Winter 1763. Alec, Lord Halsey is sent on a diplomatic mission to Midanich, imperial outpost of the Holy Roman Empire, to bargain for the freedom of imprisoned friends. Midanich is a place of great danger and dark secrets; a country at civil war; ruled by a family with madness in its veins. For Alec it is a place of unspeakable memories from which he barely escaped and vowed never to return. But return he must, if he is to save the lives of Emily St. Neots and Sir Cosmo Mahon. In a race against time, Alec and the English delegation journey across the icy wasteland for the castle fortress where Emily and Cosmo are imprisoned. The severe winter weather is as much an enemy as the soldiers of the opposing armies encamped along the way. Awaiting him at his destination is the Margrave and his sister, demanding nothing less than Alec’s head on a pike.
Time and Setting: 1763; London, England & Margraviate of Midanich, Holy Roman Empire
Genre: Georgian Mystery/Romance
Heat Level: 1
Reviewer Rating: 5 stars
Review by Lady Wesley
I adored this book, but it is difficult to review for several reasons. First, it is the third volume of the Alex Halsey Mystery series, and the first two books contain a lot of highly relevant backstory. Unlike some series, this one really needs to be read in order. Moreover, there are so many twists, turns, and surprises throughout the story that it is virtually impossible to write a thorough review without spoilers. (The publisher’s blurb simply sets up what we learn in the first few chapters.) And finally, this book, and indeed the entire series, is so wonderful that I want you to read for yourself without any hints that I might throw out in my review.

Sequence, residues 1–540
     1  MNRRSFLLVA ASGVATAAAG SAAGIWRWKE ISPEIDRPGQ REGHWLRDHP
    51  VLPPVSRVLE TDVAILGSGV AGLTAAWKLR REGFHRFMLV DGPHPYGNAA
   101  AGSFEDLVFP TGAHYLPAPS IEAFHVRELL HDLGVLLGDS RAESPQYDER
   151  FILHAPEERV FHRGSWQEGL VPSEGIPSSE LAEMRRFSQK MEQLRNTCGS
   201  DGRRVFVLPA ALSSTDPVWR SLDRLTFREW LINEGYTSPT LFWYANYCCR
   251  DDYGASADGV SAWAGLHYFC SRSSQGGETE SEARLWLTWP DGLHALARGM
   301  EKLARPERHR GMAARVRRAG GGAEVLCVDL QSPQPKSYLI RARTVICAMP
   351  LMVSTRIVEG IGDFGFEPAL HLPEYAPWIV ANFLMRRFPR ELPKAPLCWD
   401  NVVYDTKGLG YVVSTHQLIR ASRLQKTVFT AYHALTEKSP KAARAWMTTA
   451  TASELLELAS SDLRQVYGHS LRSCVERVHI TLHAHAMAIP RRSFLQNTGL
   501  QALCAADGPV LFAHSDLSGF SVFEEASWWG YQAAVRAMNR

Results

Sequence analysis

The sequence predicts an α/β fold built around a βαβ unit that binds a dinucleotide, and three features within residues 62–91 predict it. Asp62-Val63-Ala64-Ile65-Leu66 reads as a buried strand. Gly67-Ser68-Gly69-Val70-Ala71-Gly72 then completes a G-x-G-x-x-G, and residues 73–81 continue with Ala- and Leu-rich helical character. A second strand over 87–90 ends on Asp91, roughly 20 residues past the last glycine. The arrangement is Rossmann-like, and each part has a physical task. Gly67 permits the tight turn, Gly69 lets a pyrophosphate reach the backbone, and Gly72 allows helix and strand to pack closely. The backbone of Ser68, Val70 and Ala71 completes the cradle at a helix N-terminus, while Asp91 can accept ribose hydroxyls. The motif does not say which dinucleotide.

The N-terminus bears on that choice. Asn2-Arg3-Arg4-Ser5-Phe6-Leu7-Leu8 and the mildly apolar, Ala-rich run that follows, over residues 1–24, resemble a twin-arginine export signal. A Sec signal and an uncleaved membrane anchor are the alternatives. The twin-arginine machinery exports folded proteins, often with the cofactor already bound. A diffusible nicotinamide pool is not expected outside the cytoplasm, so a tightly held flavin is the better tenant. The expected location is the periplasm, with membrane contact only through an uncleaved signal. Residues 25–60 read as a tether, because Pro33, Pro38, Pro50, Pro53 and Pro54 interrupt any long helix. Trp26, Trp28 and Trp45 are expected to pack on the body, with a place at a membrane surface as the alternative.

One of the things that I have come to admire about Lucinda Brant’s writing is how intricately layered her plots are. She reveals things throughout the story, which keeps the reader from becoming frustrated, but also holds back enough that the ending always is a surprise. She has the ability to deftly combine mystery and romance into one big delightful package that will please fans of both genres.
So – rather than writing a typical review, I’m going to tell you a bit about the series and what I loved about this book, starting with the primary cast of characters who populate all three books.
Alec Halsey – the younger son of the Earl of Devlin, Alec Halsey chose to make his living as a diplomat. He is a truly swoon-worthy romantic hero: handsome, intelligent, somewhat enigmatic, intensely honorable, and decidedly his own man. After the death of Alec’s odious elder brother, Alec became the earl but he soon was elevated to a marquessate by the King in recognition of his services to the Crown.
Emily St. Neots – a beautiful, spirited young lady whom Alec had once thought to marry, although he was not deeply in love with her.
Selina Jameson-Lewis – the woman with whom Alec fell deeply in love at a young age. Her family thwarted their romance and forced her into a marriage with an older, cruelly abusive man. Selina is now a widow, but she an Alec have had to deal with some difficulties while rekindling the love that both of them still feel for one another.
The Duchess of Romney-St. Neots – a redoubtable old lady who is Alec’s godmother and also Emily’s grandmother. Nothing and nobody intimidates her.
Plantagenet Halsey – Alec’s uncle and an outspoken member of the House of Commons, who despite his noble connections is something of a republican happy to offer his opinions freely. He is more of a father to Alec than Alec’s actual father ever was (and there is a story behind that). He and the Duchess of Romney-St. Neots have a tetchy relationship (and there may be a story behind that too).